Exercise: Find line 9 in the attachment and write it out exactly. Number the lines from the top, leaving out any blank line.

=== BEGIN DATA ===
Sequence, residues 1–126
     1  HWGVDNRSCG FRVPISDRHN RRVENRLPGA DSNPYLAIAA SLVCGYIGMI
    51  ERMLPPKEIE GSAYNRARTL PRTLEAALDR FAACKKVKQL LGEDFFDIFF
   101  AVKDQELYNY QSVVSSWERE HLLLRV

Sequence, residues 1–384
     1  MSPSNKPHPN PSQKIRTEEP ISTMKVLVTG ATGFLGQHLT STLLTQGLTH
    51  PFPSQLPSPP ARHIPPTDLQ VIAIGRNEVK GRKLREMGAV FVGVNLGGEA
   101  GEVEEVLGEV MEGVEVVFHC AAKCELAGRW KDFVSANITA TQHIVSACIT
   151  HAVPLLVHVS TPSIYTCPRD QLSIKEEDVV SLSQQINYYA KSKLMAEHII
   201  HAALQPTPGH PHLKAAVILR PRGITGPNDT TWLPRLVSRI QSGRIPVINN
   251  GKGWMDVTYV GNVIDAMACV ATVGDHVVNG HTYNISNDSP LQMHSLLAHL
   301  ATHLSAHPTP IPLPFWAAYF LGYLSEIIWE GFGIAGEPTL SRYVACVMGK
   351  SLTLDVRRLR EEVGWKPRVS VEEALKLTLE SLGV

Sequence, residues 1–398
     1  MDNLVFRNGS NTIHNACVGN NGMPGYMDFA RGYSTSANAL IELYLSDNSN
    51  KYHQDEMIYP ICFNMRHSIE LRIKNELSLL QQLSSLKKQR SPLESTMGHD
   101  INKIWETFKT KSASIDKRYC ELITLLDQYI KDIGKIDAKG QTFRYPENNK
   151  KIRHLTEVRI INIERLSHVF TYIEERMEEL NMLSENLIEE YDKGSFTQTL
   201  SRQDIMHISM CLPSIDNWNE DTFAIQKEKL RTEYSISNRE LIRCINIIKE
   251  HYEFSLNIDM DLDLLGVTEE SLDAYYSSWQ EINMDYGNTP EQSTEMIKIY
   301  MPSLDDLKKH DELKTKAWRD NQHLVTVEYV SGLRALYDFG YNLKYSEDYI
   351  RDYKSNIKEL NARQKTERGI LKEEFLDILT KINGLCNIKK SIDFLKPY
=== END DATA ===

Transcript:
   151  HAVPLLVHVS TPSIYTCPRD QLSIKEEDVV SLSQQINYYA KSKLMAEHII